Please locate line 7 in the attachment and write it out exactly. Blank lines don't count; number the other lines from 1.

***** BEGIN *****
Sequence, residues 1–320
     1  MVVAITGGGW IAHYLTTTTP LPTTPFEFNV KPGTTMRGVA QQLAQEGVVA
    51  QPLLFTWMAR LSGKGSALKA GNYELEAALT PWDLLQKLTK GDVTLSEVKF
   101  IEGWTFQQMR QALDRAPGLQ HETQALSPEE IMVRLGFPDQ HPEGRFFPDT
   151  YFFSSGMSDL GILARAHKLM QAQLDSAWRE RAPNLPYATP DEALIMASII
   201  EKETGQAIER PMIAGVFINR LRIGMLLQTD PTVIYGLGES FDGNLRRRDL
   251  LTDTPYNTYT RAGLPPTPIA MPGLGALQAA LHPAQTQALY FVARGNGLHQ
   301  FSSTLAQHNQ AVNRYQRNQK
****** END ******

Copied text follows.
   251  LTDTPYNTYT RAGLPPTPIA MPGLGALQAA LHPAQTQALY FVARGNGLHQ